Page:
Archives For Kevin Love

Tough Love

Steve McPherson —  February 5, 2014 — 2 Comments

Kevin Love had a pretty nasty spill last night against the Lakers with about 4 minutes to go in the fourth. Here’s a video of it and if you don’t enjoy the sound of the human body making hard contact with unyielding surfaces, you might want to mute your computer speakers right about now:

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Love halves

Oh, the Minnesota Timberwolves, as vexing and perplexing as ever, up one night and down the next, from one half to the next, one quarter to the next, one possession to the next. If anything is consistent, it’s their inconsistency. They haven’t lost more than three in a row, nor have they won more than three in a row. They blow out bad teams on the road and fail to hold serve against mediocre teams at home. They shoot 7 free throws as a team one night, and 39 the next. Their rotations are an ever-changing, ever-controversial sea of head-scratching decisions and perfect harmony. In short, no one’s sure what to expect, and each evening provides a unique, yet eerily familiar, story. Continue Reading…

Narcissus

The myth of Narcissus concerns an impossibly beautiful young hunter who comes upon a pool of water in the forest and falls in love with his own reflection. Depending on the particular version of the story, Narcissus then commits suicide because he cannot possess his beloved, or maybe starves to death looking at his own image, or misses the playoffs. Basically, if Rick Adelman stumbled upon this youth in the woods entranced by his own image, he’d probably inform him that he hasn’t done anything yet.
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LoveMath

There was a point early on in the Wolves’ win over the Chicago Bulls in which Kevin Love was struggling. He wasn’t playing poorly but he was having trouble finding his way to the free throw line against Taj Gibson and Nazr Mohammed. The struggles against Taj Gibson aren’t anything new for Love, or anybody around the league really. Gibson is one of the top defensive players in the NBA and rarely gets his national due because he’s a role player off the bench.

Taj is familiar with Love’s game too. They’ve played against each other on every level of play — high school, college, and in the NBA. Along with his defensive prowess, his familiarity with Love may be a big reason he’s had such great success defending the Wolves’ big man throughout their respective careers. Before Monday night, Love was 0-5 against Gibson at the NBA level. Love’s had three pretty awful games against the Bulls in this time, one decent game, and one Kevin Love game.

Overall, he was shooting 40% in these match-ups and attempted just 19 free throws in five losses. The Bulls have been a great defensive team during this run (analysis!) and part of the reason they’re so good is they know the angles to take, when to take them, and use their incredible frontcourt to slow guys down. Even Carlos Boozer is a plus-defender in Tom Thibodeau’s system, or at least enough of a plus-defender to hold the fort as Joakim Noah and Gibson protect his back.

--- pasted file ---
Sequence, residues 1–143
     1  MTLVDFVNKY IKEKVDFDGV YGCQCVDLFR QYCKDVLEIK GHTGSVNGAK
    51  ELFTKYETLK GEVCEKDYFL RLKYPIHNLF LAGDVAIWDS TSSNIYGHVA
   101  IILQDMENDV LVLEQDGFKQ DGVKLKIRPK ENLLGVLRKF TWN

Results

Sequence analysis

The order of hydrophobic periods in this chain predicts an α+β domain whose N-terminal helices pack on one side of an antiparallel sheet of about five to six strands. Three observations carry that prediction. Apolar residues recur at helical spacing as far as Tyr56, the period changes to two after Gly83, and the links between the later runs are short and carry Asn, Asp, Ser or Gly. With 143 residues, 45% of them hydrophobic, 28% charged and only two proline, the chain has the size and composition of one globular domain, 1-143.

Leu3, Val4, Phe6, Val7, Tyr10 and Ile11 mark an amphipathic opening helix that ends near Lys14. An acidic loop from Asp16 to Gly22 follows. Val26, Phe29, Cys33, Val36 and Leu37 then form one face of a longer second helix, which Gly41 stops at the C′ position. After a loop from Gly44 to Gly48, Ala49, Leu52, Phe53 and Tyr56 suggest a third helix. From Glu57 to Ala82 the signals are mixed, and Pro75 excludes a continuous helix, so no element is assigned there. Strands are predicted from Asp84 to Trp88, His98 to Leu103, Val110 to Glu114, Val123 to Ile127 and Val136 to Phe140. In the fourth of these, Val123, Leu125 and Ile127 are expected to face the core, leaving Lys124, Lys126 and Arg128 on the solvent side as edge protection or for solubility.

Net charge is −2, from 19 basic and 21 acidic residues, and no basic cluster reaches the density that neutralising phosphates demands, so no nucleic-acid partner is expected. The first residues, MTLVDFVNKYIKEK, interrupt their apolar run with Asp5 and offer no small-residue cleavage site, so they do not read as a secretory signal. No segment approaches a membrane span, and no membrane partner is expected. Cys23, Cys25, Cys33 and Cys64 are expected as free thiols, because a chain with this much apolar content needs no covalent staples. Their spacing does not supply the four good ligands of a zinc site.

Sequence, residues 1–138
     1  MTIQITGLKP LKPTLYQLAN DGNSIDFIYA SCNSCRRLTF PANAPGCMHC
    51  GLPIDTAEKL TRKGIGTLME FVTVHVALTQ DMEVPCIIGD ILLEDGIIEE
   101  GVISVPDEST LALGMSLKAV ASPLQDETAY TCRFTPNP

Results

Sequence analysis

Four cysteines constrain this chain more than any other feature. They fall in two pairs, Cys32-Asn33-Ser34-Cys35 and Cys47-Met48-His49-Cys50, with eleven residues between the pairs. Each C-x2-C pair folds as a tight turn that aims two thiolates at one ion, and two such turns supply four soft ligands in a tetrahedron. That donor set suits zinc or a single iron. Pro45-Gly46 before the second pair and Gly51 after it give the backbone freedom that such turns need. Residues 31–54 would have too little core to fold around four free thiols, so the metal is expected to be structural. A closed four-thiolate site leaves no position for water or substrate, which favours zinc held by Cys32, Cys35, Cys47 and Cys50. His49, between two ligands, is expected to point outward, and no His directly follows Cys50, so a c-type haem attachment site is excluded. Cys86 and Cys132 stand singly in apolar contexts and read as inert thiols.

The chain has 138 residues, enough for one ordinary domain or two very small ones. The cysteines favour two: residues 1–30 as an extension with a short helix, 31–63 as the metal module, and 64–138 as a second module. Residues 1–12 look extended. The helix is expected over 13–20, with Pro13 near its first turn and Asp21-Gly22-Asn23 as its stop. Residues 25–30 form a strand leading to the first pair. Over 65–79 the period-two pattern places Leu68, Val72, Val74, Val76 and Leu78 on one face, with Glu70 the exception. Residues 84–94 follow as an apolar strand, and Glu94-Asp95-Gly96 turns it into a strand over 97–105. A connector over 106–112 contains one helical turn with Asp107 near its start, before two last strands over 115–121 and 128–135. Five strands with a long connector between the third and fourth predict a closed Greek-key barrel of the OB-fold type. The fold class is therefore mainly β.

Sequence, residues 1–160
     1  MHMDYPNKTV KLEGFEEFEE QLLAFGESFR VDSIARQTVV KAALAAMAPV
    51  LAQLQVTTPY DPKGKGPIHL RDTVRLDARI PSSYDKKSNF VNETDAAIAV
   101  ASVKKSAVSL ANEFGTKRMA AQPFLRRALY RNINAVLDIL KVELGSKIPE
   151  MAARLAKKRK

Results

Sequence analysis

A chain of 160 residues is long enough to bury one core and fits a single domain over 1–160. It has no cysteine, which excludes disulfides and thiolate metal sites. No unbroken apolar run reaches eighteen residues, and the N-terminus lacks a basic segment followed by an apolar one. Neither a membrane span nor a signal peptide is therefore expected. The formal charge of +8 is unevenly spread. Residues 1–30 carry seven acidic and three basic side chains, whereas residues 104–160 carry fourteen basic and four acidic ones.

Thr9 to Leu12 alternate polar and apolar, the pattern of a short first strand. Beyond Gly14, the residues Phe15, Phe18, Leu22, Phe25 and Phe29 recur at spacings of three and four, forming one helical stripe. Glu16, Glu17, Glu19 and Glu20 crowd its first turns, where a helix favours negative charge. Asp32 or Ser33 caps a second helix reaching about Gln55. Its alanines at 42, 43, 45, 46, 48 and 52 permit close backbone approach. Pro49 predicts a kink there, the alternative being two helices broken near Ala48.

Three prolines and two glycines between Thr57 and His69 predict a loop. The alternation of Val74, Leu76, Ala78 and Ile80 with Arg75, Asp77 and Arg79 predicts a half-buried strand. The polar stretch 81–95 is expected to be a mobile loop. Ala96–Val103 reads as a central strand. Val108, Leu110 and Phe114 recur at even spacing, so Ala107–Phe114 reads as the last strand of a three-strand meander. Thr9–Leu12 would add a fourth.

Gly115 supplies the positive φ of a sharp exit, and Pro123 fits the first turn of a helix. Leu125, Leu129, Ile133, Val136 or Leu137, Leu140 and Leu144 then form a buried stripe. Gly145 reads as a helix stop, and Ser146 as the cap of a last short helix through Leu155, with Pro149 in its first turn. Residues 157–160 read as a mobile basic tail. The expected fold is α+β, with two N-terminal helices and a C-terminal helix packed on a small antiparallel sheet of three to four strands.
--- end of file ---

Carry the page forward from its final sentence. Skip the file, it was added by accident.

So what changed for Love during Monday’s game to finally give him a big advantage against Gibson, Boozer, and Thibodeau’s system?  Continue Reading…

LovePost

I’m not sure a game like this loss to the San Antonio Spurs is ever good, per se.

The Spurs established their dominance by playing exactly how they love to play. The Wolves never were able to take back control of the game or dictate their own style. While both teams like to move the ball up the floor and use brilliant decision-making and passing to put the defense on their heels, the Spurs do it in a much less chaotic style. The Wolves can play that structured tempo the Spurs love to throw at their opponents, but everything has to be clicking for the Wolves.

Things certainly weren’t clicking Sunday night, outside of Nikola Pekovic continuing his torrid affair with scoring the basketball and being a presence inside. Kevin Love couldn’t seem to find a way to hit a shot or get past the solid defender that is Boris Diaw (that’s not pejorative either; he’s become a defensive presence). Kevin Martin couldn’t finish inside and he couldn’t knock down a jumper. Corey Brewer looked lost on both ends of the floor as he was a non-factor on offense and he got destroyed by Kawhi Leonard on the other end. Ricky Rubio distributed well but just couldn’t have a big impact against Tony Parker.

So while this loss wasn’t good for the Wolves as I stated above, sometimes it’s a nice reminder of just how important each part of the system is, so you don’t lose sight of the value of each component.  Continue Reading…

 SunsWolves